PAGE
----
White House won't move forward with billions in foreign aid cuts

The White House will no longer move forward with a proposal to cut billions of dollars in foreign aid that was allocated in the latest congressional budget deal, according to a senior administration official.

The Office of Management and Budget was expected to release a package this week calling for cuts in $4.3 billion in foreign aid through a process known as rescission. But the plan was taken off the table amid pushback from some top administration officials and lawmakers in Congress, the official said.

Secretary of State Mike PompeoMichael (Mike) Richard PompeoPompeo under pressure over threats to Yovanovitch Regardless of how the Iraqis feel, the US should leave Democrats clash at debate over keeping US troops in Mideast MORE and Treasury Secretary Steven MnuchinSteven Terner MnuchinOn The Money — Presented by Wells Fargo — Senate approves Trump trade deal with Canada, Mexico | Senate Dems launch probe into Trump tax law regulations | Trump announces Fed nominees Senate Democrats launch investigation into Trump tax law regulations Treasury watchdog to investigate Trump opportunity zone program MORE were among those encouraging President TrumpDonald John TrumpLev Parnas implicates Rick Perry, says Giuliani had him pressure Ukraine to announce Biden probe Saudi Arabia paid 0 million for cost of US troops in area Parnas claims ex-Trump attorney visited him in jail, asked him to sacrifice himself for president MORE to at least scale back the cuts, and Democrats and Republicans alike had expressed concerns that any potential rescissions package could threaten a budget deal reached last month.

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"The president has been clear that there is waste and abuse in our foreign assistance and we need to be wise about where U.S money is going. Which is why he asked his administration to look into options to doing just that. It’s clear that there are many on the Hill who aren’t willing to join in curbing wasteful spending," a senior administration official told The Hill.

Rep. John YarmuthJohn Allen YarmuthBlue Dogs push Democrats to pass budget Democrats don't expect to do 2020 budget Trump shocks, earns GOP rebukes with Dingell remarks MORE (D-Ky.), the chairman of the House Budget Committee, celebrated the decision as "a win."

"The Constitution grants Congress the power of the purse, and we will not cede that authority to this Administration and their constant executive overreach," he tweeted.

Speaker Nancy PelosiNancy PelosiOvernight Defense: GAO finds administration broke law by withholding Ukraine aid | Senate opens Trump trial | Pentagon to resume training Saudi students soon Hillicon Valley: FBI to now notify state officials of cyber breaches | Pelosi rips 'shameful' Facebook | 5G group beefs up lobby team | Spotify unveils playlists for pets Hill.TV's Saagar Enjeti on impeachment: 'CNN can see through this nonsense' MORE (D-Calif.) argued in a statement that the plan was "clearly illegal," would have harmed national security and violated the "good faith" of a recent deal to raise spending caps.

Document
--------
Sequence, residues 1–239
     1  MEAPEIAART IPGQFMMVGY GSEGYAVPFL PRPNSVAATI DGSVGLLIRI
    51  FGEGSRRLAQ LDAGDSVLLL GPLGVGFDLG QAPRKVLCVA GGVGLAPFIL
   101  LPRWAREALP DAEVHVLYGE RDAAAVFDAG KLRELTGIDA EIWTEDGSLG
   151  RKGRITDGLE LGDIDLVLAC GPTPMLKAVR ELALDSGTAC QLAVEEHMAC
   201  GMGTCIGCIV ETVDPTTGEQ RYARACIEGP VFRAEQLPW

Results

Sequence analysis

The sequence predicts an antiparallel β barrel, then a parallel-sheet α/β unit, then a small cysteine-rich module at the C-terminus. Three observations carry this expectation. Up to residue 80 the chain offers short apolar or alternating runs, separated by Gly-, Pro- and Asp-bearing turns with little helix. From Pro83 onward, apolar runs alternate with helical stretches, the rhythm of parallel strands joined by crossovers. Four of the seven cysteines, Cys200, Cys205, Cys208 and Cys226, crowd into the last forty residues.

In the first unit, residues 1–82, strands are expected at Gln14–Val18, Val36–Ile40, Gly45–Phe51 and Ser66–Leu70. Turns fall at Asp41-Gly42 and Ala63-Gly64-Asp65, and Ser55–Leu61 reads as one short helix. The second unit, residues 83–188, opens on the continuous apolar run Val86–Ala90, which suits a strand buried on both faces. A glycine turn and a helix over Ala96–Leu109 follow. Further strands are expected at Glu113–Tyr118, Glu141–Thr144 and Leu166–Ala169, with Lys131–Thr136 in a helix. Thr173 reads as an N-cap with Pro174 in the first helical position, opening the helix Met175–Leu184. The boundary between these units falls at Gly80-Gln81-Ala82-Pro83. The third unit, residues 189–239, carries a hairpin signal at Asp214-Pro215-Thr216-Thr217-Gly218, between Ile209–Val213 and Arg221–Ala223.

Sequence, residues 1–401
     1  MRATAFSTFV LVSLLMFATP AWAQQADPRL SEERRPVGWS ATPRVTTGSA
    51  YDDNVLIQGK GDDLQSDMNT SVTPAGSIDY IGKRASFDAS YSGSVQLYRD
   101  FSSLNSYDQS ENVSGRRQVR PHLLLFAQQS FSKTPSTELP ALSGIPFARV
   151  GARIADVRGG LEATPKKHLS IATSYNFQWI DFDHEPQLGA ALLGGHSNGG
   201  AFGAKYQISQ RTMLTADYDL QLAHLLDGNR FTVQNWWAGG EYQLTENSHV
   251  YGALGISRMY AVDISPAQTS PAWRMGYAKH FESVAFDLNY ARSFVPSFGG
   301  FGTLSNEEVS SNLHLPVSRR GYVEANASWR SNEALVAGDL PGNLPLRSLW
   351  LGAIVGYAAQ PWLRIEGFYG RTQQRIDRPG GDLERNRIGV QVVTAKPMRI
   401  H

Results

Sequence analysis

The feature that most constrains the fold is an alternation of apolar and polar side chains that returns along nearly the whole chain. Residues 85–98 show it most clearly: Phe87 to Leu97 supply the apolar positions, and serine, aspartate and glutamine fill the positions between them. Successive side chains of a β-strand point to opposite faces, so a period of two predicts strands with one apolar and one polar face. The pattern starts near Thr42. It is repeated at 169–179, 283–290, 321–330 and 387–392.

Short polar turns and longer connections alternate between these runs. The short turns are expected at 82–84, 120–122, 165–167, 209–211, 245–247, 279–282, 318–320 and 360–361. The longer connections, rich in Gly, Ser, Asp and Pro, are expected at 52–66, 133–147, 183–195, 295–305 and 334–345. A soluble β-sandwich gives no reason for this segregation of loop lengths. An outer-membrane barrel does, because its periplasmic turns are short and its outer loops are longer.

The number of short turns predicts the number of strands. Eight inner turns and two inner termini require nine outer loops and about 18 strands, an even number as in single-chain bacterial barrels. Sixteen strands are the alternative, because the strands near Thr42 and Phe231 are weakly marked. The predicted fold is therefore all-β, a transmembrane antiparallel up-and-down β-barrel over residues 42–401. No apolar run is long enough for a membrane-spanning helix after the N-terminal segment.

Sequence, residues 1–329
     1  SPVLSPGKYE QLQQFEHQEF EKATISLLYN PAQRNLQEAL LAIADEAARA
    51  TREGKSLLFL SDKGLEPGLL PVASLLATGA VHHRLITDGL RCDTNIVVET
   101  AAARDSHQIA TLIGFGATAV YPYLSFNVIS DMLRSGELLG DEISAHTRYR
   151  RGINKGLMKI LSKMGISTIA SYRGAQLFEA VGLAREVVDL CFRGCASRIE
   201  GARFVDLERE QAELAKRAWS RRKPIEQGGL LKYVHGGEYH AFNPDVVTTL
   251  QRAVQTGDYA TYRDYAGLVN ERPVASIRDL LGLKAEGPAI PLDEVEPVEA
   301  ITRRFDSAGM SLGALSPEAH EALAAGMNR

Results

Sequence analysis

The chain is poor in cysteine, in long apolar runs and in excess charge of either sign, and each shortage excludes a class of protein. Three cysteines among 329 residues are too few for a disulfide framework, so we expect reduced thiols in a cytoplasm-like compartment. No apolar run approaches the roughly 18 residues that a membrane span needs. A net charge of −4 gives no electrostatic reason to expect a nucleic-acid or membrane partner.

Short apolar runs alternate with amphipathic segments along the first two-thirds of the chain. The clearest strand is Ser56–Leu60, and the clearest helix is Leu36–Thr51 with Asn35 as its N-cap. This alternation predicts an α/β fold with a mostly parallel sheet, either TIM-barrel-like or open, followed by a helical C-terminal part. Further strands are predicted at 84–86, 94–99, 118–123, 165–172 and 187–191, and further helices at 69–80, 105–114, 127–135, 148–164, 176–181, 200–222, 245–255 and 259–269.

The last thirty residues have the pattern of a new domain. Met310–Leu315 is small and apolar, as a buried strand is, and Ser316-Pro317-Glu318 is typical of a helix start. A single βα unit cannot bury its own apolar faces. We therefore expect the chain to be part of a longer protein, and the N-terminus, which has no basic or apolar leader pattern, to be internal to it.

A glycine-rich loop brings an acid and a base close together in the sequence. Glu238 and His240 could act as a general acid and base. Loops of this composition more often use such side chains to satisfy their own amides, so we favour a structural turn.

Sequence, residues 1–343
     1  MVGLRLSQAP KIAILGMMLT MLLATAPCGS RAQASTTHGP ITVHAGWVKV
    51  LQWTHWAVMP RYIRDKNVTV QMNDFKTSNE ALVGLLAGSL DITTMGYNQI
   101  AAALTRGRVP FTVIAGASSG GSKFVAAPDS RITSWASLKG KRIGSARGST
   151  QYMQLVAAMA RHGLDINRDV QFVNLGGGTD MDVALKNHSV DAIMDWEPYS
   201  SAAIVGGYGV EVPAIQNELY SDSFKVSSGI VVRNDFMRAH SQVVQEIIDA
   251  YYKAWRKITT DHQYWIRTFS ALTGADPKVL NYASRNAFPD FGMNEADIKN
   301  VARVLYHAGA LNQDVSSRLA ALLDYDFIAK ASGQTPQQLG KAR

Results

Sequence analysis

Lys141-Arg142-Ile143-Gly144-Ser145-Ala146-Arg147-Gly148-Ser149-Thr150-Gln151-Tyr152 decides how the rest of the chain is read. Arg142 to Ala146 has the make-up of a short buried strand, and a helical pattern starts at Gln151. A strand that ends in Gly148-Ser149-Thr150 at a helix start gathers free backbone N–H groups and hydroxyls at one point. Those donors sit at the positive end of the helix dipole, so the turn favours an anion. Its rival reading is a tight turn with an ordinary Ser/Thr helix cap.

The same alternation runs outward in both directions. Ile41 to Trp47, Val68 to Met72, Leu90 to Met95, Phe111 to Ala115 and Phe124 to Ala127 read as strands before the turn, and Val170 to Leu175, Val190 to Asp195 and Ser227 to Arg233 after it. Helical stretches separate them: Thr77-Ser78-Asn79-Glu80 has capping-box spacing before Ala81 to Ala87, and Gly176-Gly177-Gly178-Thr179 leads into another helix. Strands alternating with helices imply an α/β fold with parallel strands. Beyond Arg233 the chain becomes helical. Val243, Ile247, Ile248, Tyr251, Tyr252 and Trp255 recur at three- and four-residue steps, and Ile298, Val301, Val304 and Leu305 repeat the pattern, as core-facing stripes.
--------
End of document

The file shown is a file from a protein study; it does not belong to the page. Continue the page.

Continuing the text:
“It is important for us all to recognize first and foremost our national security interests and Congress’s Constitutional power of the purse as was acknowledged in a bipartisan way in the rescission discussion, as we move forward in the upcoming budget negotiations,” she said.

Trump told reporters earlier this week that the White House was in talks with members of both parties about the foreign aid. He was noncommittal about whether he would follow through in seeking the cuts, but indicated he would be willing to make smaller requests than initially expected.

"Certain things it probably could be, you know, a pennywise. Maybe it’s a pennywise," he said. "We’ll see. But we are looking at it."

Last year, Congress rejected a broader request by the administration to rescind funds as the fiscal year drew to a close.

Politico first reported that the rescissions proposal would not move forward.

Appropriators in Congress had worried that the rescission request would freeze the funds through the end of the fiscal year on Sept. 30. Certain proposed cuts remain frozen for a set period unless Congress acts to reject the request.

Sen. Lindsey GrahamLindsey Olin GrahamDemocratic group plans mobile billboard targeting Collins on impeachment Paul predicts no Republicans will vote to convict Trump Roberts sworn in to preside over Trump impeachment trial MORE (R-S.C.), a close Trump ally, had called the proposed cuts "concerning," while Democrats such as House Appropriations Committee Chairwoman Nita LoweyNita Sue LoweyOn The Money — Presented by Wells Fargo — Senate approves Trump trade deal with Canada, Mexico | Senate Dems launch probe into Trump tax law regulations | Trump announces Fed nominees House Democrats unveil .35B Puerto Rico aid bill Appropriators fume over reports of Trump plan to reprogram .2 billion for wall MORE (D-N.Y.) decried what she called "the Trump administration’s continued efforts to illegally withhold funding that Congress has approved."

— Niv Elis contributed

Updated: 5:19 p.m.